The Nairobi City County Food System Strategy on the other hand, plays a pivotal role as a convener. By bringing together civil society, private sector entities, and various government agencies, this initiative addresses the pressing challenges of sustainably feeding a rapidly growing urban population.

Incentives can shift behaviour

Ever wondered why organisations have teams that strongly resemble the funding lines of their donors? And why doesn’t cross-sectoral collaboration happen more often? Understanding how incentives shape behaviour is the first step. Daring to change them is where the magic happens (and where we need to accept the resistance that will come with that).

Placing smallholders at the heart of systems

Let’s look at the work of Sylvie Nirere, a fellow at the African Food Fellowship. As Country Director of Stichting IDH in Rwanda, she works directly with farmers who produce perishable products. By engaging with stakeholders, advocating for policy reforms, and fostering systemic change, Sylvie’s work contributes to sustainable practices, resource efficiency, resilience, and improved livelihoods. 

Her efforts embody the systemic importance of transforming the food system by considering the interdependencies of water, energy, and food by bringing it down to the needs of a single farmer who needs a healthy yield to remain competitive and take better care of her family. This feeds into a wider network in an environmentally responsible way.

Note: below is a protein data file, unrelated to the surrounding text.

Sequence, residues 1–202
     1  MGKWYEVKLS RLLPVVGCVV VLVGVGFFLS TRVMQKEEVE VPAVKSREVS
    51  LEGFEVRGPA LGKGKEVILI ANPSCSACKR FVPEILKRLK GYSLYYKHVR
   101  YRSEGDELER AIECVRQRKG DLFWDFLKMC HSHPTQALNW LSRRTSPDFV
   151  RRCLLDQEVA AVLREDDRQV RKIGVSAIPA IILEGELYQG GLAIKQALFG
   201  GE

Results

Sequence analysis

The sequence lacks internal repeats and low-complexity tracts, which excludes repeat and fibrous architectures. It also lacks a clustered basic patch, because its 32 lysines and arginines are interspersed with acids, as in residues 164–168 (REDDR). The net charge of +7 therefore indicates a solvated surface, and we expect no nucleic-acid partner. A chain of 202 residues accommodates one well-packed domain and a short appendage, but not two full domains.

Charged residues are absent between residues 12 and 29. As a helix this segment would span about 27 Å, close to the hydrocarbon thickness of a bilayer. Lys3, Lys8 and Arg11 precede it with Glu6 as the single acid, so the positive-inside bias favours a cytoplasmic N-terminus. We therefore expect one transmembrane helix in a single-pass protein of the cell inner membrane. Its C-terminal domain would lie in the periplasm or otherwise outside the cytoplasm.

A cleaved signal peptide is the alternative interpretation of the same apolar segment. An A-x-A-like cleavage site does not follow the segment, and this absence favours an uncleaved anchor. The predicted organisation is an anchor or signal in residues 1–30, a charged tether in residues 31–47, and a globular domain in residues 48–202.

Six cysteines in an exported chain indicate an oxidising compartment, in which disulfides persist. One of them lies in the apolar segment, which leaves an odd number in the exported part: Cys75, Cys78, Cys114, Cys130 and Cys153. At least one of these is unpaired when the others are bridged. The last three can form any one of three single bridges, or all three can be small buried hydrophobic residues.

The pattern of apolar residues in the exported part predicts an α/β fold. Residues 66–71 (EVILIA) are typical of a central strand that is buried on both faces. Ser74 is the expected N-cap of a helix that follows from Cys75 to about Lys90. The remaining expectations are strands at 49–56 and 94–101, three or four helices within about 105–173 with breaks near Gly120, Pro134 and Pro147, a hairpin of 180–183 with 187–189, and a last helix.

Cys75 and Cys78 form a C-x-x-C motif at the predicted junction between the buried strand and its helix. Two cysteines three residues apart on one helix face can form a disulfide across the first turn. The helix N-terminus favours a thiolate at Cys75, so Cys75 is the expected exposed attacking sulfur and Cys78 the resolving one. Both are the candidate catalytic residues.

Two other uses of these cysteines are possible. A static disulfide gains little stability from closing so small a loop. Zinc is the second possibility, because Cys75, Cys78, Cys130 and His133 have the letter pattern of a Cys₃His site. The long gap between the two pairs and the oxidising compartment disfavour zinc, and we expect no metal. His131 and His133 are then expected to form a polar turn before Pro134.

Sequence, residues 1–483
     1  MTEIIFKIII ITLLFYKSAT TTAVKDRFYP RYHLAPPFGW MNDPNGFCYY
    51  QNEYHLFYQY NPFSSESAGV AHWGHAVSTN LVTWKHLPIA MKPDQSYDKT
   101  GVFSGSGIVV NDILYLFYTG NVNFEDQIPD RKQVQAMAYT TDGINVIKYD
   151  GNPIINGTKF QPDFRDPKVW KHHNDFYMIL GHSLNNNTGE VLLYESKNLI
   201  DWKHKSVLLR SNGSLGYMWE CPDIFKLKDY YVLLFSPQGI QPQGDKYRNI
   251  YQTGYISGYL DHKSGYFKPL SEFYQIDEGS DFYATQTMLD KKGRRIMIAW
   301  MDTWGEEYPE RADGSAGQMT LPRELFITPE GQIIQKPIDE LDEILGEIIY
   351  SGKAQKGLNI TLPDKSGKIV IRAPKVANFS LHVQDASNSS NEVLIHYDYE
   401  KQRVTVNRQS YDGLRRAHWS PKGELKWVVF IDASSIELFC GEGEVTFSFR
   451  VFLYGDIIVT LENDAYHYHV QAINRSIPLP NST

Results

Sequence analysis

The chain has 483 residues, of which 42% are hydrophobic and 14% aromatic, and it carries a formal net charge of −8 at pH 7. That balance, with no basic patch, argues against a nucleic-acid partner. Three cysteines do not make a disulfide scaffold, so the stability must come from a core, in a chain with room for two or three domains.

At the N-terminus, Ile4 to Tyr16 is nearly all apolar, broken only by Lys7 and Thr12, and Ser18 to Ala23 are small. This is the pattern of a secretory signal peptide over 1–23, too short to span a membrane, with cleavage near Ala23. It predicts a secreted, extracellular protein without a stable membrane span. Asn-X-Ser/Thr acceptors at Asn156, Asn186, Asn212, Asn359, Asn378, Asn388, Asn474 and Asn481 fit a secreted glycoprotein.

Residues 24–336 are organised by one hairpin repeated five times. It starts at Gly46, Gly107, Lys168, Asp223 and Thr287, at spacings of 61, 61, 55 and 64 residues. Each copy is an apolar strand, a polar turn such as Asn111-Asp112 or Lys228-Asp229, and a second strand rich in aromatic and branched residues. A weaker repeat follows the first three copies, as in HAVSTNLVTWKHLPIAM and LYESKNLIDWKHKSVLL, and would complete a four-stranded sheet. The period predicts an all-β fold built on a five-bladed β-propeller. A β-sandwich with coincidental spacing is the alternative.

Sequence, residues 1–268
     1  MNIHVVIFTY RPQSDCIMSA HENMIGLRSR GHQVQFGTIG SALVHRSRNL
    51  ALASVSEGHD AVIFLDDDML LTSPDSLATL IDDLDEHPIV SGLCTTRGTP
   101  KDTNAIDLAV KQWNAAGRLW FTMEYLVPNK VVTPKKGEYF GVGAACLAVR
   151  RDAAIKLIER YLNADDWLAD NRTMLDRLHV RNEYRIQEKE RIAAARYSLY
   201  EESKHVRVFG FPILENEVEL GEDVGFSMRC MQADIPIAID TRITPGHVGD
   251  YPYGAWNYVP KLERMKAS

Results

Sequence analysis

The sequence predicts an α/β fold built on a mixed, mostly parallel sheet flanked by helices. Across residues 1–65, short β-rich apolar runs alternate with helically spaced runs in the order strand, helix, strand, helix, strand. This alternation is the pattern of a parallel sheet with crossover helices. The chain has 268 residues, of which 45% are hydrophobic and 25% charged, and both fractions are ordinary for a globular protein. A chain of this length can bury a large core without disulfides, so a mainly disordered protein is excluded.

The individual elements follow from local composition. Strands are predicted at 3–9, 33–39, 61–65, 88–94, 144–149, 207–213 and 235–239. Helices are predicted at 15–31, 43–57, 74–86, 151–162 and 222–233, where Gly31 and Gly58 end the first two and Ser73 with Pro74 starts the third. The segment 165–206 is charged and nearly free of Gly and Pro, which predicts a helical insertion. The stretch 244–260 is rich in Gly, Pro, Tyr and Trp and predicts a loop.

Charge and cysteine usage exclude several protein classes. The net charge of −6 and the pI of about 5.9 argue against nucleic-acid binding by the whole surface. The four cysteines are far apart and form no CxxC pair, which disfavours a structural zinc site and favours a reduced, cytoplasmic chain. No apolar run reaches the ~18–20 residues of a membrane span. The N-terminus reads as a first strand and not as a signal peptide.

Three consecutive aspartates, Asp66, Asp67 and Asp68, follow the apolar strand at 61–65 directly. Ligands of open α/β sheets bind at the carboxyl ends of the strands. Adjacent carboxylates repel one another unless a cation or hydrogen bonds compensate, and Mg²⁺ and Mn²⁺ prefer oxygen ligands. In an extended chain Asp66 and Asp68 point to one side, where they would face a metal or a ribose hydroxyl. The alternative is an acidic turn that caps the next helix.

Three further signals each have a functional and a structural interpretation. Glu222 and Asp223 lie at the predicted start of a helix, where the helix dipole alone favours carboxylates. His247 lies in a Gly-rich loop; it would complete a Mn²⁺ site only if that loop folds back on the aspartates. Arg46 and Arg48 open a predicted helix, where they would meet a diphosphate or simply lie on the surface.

Learning as we go

By understanding the nexus and its implications, we make informed choices and inspire a collective shift towards more sustainable lifestyles. 

The Water Wise Program in South Africa, for instance,  promotes water conservation practices among residents in response to Cape Town’s water scarcity challenges.

Balance and Just Transition

Just Transition refers to the set of principles aimed at ensuring a fair and equitable shift towards a more sustainable and low-carbon economy.

African countries, despite contributing less to global greenhouse gas emissions, are taking proactive steps to implement Just Transition projects and policies.

  • The Renewable Energy Performance Platform (REPP) in Kenya provides financial and technical assistance to small and medium-sized renewable energy projects in sub-Saharan Africa. It promotes sustainable energy development that is balanced across the food-energy-water nexus, by supporting projects that integrate renewable energy into local agricultural and water management systems, while also creating jobs and reducing poverty.
  • Another example is the Renewable Energy Independent Power Producer Procurement Program in South Africa (REIPPPP) , a government initiative to accelerate the development of renewable energy projects in the country.

In conclusion, the water-energy-food nexus calls for initiatives that acknowledge their interconnectedness. Whether you are a donor, investor, NGO, or civil servant, it’s crucial to focus on designing projects that create multiple benefits at this crossroads. Each decision to implement sustainable practices will be a step towards the larger goal of creating a more resilient and balanced water, energy, and food system.